On its face it seems too good to be true: take a large dataset generated by someone else, search it for something interesting, and write up the results for publication without all the expensive and time-consuming data collection, low response rates, low statistical power, or complicated IRB applications associated with doing it yourself. Yet these are the potential advantages of doing research with large, public databases that were enumerated by Dr. Man Hung, Associate Dean for Research in the Roseman College of Dental Medicine, in a presentation made to the Roseman College of Pharmacy faculty last month. In fact, Dr. Hung suggested that research using public databases can be a good way for faculty to increase their publication rates and prepare more compelling grant applications.
However, anyone who has contemplated engaging in database research can tell you that it comes with its own set of challenges. Publically available datasets can be large and intimidating to download, process, and analyze. The research requires, at a minimum, a good understanding of statistical software, but specialized, or even custom, computer programs may also be needed. Sometimes there is too much data for the average desktop computer to handle. Furthermore, the vendor’s documentation of what data was collected, and how it was collected, can be massive, complicated, and sometimes incomplete.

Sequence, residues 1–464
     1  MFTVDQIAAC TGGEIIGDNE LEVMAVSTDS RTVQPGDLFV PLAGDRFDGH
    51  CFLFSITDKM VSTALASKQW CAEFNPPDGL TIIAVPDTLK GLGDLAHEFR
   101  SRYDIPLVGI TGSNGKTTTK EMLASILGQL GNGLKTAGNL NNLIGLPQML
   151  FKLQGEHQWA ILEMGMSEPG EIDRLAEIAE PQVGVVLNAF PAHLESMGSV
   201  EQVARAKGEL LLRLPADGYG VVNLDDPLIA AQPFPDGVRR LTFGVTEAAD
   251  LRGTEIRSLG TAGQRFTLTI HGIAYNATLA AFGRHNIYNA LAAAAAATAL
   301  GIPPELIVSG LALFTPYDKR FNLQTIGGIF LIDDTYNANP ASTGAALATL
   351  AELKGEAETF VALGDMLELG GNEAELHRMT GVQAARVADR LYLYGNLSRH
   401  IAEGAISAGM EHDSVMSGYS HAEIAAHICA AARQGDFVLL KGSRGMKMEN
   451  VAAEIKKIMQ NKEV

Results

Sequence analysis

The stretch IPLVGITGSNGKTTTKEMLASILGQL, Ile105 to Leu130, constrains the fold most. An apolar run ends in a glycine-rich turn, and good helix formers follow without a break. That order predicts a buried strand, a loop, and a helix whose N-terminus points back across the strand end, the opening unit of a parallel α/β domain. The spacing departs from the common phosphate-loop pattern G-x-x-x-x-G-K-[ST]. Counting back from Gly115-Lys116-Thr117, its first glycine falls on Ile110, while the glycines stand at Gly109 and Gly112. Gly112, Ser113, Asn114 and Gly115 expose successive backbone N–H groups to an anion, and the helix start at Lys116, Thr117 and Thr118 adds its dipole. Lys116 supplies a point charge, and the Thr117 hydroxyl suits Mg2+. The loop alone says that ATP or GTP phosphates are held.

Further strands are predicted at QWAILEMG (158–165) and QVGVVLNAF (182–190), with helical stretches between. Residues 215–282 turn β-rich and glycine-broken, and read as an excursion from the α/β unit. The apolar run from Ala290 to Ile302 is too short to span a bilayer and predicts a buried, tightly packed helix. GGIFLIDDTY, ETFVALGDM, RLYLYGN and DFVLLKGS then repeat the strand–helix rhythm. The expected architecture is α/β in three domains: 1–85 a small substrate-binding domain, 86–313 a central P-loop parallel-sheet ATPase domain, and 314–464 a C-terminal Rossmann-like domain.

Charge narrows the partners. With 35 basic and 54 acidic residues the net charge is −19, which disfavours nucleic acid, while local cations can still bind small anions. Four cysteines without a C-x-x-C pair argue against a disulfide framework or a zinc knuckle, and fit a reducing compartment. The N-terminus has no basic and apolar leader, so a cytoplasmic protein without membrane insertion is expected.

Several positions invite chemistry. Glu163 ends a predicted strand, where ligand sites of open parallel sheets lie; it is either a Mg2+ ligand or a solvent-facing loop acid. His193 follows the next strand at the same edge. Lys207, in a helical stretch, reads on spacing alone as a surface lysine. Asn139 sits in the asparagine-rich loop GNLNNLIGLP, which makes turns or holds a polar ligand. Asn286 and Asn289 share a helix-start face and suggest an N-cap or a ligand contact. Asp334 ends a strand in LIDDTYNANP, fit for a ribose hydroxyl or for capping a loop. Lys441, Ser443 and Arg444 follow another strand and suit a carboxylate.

Nevertheless, Dr. Hung pointed out that the same research methods are required whether you are working with a large, medium-sized, or small dataset. The only difference is scale. This suggests that approaching a smaller database with a more modest research question may produce a learning curve you can manage. Alternatively, you may want to identify an experienced database researcher and offer to assist them in their work as a way to help you learn the ropes.
Of the countless public data sources available, Dr. Hung provided links to the following:
Consider checking out these and other public data sources. What kinds of research questions might they help you address?
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Tyler Rose, PhD
Associate Professor of Pharmaceutical Sciences
Roseman University of Health Sciences College of Pharmacy